Forest Kindergarten: My Journey into Swiss Culture
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Forest Kindergarten: My Journey into Swiss Culture

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A lovely account of a forest kindergarten morning and how the Swiss way of educating children challenges us, the non-Swiss. Before we - usually - embrace it. Beautifully written by our contributor, Lourdes Treviño

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Cuddled under the covers, I relished the luxury of a nap. Four months pregnant and a mother of two, it was a rare opportunity. As I tried to sleep, I heard the rain beating incessantly against the exterior blinds. Guilt diminished what could have been my perfect moment. I was warm under the covers, but my little boy was outside, somewhere in the woods. 


I should clarify. I did not leave my four-year old son in the woods alone.

I’m not such a terrible mother. He was with his forest kindergarten group, the Waldkindergarten, with two responsible teachers and twelve peers. Out in the forest, four days a week, from 9 am to 1 pm, rain or shine (or snow, for that matter). Still, the rain was pouring, as it had been for the past ninety minutes. I was snuggled down; he was outside. Maybe I should have kept him home for the day. Maybe I was a terrible mother.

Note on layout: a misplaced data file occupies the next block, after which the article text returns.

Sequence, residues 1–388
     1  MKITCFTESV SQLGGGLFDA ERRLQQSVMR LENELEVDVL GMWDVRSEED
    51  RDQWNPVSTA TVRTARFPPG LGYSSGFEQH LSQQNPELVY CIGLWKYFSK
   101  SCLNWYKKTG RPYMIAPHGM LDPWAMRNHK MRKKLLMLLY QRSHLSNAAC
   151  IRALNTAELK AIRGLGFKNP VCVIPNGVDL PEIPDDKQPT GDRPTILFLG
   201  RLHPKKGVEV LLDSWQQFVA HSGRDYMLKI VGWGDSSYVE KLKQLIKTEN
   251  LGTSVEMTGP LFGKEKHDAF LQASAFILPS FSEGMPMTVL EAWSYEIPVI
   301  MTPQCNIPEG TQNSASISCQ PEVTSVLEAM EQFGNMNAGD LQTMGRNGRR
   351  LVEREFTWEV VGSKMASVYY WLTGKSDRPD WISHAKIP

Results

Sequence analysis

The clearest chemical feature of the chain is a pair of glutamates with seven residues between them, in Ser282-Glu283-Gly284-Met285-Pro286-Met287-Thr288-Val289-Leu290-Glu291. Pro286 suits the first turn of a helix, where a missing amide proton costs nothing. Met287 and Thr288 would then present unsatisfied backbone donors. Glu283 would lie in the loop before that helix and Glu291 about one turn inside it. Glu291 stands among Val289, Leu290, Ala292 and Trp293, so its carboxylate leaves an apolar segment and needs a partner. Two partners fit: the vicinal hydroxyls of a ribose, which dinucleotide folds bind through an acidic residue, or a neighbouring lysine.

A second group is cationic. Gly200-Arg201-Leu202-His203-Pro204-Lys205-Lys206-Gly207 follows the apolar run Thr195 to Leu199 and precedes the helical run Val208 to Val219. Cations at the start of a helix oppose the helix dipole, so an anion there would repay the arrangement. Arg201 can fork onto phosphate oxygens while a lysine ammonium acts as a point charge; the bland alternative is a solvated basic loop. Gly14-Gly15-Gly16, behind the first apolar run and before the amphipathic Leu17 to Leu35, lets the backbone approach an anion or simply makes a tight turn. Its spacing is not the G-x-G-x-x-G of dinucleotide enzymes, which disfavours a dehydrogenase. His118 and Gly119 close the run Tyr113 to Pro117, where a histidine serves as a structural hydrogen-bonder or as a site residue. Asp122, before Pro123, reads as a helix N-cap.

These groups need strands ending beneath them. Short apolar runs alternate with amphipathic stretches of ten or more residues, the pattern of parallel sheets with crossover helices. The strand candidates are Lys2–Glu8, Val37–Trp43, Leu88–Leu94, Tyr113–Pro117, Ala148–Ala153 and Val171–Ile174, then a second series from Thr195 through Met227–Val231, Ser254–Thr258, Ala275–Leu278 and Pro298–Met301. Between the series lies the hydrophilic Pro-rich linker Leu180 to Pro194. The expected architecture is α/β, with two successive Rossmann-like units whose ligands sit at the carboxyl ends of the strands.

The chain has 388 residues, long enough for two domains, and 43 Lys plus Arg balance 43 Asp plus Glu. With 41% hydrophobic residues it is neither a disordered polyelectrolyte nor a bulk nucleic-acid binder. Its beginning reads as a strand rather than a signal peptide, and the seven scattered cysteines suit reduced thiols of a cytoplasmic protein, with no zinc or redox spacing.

I still remember my Schnuppertag, or trial visit, in the Waldspielgruppe...

Only four months earlier, we had left out native Mexico to come live in Switzerland. I was expecting my second son in May and was looking for activities for my elder son, who would soon be three. My online research had brought me to the Wurzelzwergli Waldspielgruppe, which met in the edge of the Linde forest every Tuesday morning. Parents dropped off their kids, dressed in whatever gear the weather mandated, and then they would sing a song in Swiss German, wave goodbye, and wander into the forest.


There’s a saying in Switzerland, “There’s no such thing as bad weather, just bad clothing.”